Near-death experiences have long been controversial because the exact circumstances were unknown. Targeted studies in hospitals have brought about a change of thinking in the evaluation of these experiences.
Around the turn of the millennium, however, reservations about these studies regarding their 'retrospective character' and thus their limited validity as evidence, could at last be countered. From 1988 to 1992, Dr. Pim van Lommel, the renowned Dutch cardiologist, conducted the first NDE studies under controlled conditions. He interviewed 344 patients who had been clinically dead, but who could subsequently be resuscitated.
62 of these patients gave a description of an NDE. His work, published in 2001, which also included the results of his research into personality changes that came about after such experiences, gave a decisive impetus to the opinion that NDEs represent a proof of life after death. On average, the heart of patients included in Dr. Pim van Lommel's study had come to a complete stop for approximately 2 minutes. This means that as a result of cardiac arrest, a complete cessation of electrical activity in the cerebral cortex occurred after about 10 to 20 seconds. With this study, it was clear that an NDE can also appear under scientifically precise and controlled conditions. Therefore, the question of how to explain these experiences has become more urgent than ever. Even more so, because neuroscientists have recently managed to link many aspects of human life and consciousness to processes in the brain. New imaging techniques have provided the means to observe the interaction of neurons under the skull, and important scientists in the field of brain research have arrived at the sobering conclusion that everything typically human - free will, self-consciousness or an immaterial soul - is no more than the result of brain processes, i.e. of the fascinating interplay of several billion neurons.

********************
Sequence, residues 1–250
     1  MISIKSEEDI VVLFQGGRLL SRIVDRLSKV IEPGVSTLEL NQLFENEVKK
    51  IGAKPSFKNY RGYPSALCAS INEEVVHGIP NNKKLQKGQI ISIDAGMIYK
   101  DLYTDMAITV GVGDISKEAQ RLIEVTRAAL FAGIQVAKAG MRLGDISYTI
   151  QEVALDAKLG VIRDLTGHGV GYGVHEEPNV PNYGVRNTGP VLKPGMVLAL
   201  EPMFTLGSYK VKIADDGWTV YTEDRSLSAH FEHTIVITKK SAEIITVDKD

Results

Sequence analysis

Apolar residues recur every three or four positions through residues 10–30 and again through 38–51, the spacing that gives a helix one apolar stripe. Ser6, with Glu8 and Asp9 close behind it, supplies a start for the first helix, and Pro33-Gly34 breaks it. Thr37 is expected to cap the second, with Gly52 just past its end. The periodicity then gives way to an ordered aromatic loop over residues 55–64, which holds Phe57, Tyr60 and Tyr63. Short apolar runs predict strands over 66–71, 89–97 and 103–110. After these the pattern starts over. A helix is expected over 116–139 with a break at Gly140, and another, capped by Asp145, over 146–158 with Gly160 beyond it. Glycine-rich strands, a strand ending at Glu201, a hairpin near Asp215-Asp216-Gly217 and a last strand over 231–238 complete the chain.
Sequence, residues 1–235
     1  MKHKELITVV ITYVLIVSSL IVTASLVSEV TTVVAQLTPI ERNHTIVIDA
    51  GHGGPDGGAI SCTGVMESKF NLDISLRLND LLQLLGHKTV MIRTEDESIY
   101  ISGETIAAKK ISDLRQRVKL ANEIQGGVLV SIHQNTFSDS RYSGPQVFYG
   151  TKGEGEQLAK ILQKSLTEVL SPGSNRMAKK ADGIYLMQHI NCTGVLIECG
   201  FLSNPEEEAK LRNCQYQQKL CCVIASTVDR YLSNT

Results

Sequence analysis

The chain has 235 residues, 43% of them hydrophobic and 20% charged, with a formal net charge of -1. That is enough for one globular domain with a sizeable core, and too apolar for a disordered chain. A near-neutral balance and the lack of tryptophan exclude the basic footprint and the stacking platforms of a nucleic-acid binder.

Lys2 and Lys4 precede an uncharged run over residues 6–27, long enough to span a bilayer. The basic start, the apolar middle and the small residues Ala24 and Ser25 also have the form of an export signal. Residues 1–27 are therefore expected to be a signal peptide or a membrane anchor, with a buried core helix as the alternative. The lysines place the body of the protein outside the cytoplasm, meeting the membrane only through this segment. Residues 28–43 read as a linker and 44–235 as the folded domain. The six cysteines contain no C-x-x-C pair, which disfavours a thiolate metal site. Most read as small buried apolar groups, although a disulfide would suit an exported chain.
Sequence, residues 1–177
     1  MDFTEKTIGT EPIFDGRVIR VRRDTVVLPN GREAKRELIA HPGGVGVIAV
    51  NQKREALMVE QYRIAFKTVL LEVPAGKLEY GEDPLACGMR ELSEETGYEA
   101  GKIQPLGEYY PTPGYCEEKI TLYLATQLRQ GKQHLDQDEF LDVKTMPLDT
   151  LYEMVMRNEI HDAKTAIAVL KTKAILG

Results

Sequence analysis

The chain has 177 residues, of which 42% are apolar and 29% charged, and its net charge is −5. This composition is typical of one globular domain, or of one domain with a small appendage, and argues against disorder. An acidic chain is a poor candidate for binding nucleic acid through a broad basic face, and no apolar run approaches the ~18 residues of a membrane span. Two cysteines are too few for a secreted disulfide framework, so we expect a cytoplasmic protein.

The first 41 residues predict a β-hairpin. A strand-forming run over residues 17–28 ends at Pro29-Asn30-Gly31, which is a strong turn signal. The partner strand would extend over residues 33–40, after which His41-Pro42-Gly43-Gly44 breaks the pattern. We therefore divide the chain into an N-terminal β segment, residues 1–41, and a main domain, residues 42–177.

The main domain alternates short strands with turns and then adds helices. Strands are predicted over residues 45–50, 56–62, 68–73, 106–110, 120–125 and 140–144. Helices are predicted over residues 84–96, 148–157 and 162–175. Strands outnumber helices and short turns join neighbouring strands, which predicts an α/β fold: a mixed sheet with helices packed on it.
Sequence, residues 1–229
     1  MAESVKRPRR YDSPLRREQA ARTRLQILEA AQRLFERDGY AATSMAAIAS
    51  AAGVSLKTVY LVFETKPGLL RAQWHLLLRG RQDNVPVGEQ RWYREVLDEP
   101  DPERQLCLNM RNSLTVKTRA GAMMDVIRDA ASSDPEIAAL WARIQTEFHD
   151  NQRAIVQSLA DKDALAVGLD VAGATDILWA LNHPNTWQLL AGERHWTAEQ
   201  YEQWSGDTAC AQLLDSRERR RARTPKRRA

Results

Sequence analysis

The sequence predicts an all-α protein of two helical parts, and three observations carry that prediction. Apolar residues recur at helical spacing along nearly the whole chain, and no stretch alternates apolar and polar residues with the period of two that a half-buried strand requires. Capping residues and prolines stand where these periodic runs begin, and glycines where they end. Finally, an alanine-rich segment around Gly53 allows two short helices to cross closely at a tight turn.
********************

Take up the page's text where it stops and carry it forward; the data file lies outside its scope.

Based on this materialistic outlook, many explanatory approaches were developed for the reported NDEs along these lines, while from 2003 to 2006 additional 'prospective studies' were conducted that were similar in design to Dr. Pim van Lommel's work in the Netherlands. For example, an American study by Bruce Greyson in which 1,595 patients were interviewed (2003) as well as a British study by Penny Sartori (2006) have shown that NDEs can be documented quite frequently during cardiac arrest and complete loss of brain function.